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IPOs: Recent Trends and Developments

By James Dugdale


Overview


Despite the effects of the pandemic and continued lockdowns on the world economy, 2020 saw the number of initial public offerings (IPOs) on the US stock market more than double compared to 2019 – an increase from 233 to 480. Additionally, the first two months of 2021 have so far seen 220 IPOs in the US, indicating that this year is well on track to exceeding the considerable number of US IPOs in 2020. The global IPO market has also performed strongly, with 1,322 companies going public in 2020. This marks a 15% increase in the number of global IPOs compared to 2019, which is more modest growth than the US market, but still significant given the current strains on the world economy.


Recent trends


Alongside the US, China has proven to be a major market for IPOs in recent years. In Q3 2020, the Shanghai Stock Exchange (SSE), Shenzhen Stock Exchange (SZSE), and the NASDAQ together accounted for 54% of all IPOs worldwide. Shanghai alone accounted for 25% of global IPOs, with the NYSE and NASDAQ following in second and third place respectively (EY, Global IPO Trends, 2020 Q3).


Q4 2020 was a similar story, although there was an increase in the proportion of IPOs from Oceania and South America. The continued growth of the technology sector was evident, with some of the largest listings coming from technology-focused companies such as Airbnb and DoorDash. Almost a quarter of IPOs in Q4 came from the technology sector, and 2021 shows early signs of being similarly strong for technology companies, with IPOs for companies such as Robinhood Markets and Coinbase on the horizon.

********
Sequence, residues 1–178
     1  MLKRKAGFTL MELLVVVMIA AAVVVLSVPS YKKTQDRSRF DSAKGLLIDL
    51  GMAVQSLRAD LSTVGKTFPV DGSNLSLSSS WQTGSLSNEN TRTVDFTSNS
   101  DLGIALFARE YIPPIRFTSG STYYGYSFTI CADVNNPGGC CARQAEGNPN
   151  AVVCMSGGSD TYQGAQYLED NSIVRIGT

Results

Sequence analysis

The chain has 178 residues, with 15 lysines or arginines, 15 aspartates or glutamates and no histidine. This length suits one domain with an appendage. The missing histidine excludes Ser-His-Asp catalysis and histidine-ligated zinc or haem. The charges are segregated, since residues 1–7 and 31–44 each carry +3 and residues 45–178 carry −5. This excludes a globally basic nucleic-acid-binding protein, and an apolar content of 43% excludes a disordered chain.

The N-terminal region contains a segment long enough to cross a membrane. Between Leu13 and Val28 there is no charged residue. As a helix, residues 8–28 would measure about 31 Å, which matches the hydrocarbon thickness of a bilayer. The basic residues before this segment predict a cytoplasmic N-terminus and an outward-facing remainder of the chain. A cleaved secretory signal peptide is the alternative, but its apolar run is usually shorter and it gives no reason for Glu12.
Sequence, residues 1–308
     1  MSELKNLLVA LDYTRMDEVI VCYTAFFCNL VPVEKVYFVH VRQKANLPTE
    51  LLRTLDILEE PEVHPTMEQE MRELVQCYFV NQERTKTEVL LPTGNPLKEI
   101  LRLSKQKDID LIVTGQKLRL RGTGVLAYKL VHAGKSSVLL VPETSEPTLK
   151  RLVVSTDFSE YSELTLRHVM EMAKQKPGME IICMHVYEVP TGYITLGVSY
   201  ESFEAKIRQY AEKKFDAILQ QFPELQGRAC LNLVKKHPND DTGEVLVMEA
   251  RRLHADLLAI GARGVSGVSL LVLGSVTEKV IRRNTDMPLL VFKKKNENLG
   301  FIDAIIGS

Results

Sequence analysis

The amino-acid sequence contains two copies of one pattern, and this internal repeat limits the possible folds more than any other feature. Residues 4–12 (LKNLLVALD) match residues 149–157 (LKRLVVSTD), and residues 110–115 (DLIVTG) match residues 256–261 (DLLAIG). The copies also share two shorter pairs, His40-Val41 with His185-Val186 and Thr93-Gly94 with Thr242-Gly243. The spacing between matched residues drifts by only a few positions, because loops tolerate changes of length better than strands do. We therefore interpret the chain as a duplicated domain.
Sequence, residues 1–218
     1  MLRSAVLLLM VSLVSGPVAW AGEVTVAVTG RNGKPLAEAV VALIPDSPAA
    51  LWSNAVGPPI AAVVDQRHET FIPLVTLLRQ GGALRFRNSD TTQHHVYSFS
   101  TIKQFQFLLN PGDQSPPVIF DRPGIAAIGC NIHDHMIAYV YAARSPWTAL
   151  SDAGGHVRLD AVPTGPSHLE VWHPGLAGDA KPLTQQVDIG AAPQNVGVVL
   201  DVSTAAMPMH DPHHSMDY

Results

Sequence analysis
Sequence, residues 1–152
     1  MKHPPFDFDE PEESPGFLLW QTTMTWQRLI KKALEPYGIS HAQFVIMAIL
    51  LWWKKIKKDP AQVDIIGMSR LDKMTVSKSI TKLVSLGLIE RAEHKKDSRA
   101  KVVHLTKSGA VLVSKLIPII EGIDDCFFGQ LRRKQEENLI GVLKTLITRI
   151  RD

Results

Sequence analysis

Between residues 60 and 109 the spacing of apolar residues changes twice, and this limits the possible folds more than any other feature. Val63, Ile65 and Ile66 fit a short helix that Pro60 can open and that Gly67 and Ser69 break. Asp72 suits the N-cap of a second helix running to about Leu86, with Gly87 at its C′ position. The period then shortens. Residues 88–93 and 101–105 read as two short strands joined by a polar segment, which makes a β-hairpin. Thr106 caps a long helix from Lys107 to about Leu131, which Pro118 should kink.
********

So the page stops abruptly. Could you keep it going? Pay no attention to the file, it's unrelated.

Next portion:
The growing success of technology-focused companies may also account for the rapid growth in emerging markets such as China. Shenzhen, for example, whose share of the global IPO market has seen significant growth over the past year, has likely benefited a considerable amount from its focus on innovation and production within the technology sector. As a global hub for the sector, Shenzhen may prove to be an appealing market for international companies who are looking to access and raise capital in a technology-focused market.


Regulatory challenges


Shanghai and Hong Kong have also been large IPO markets throughout 2020 and continuing into 2021. In late 2020, the Ant Group was on track to be the largest IPO of all time with an estimated value of $37 billion in their dual listing on the Shanghai and Hong Kong stock exchanges. However, in early November regulators suspended the two IPOs. Regulators in the US have also been active, with China Mobile, China Telecom, and China Unicom

being delisted from the NYSE in January 2021.


With the growing regulatory challenges that companies are facing, many companies are looking to diversify their sources of raising capital by offering secondary listings in market across the globe. One such example is the secondary listing of NetEase on the Hong Kong Stock Exchange (SEHK) in June 2020. The company’s first IPO was on the NASDAQ stock market, where they have recently faced regulatory challenges from US legislation that threatens to delist the company.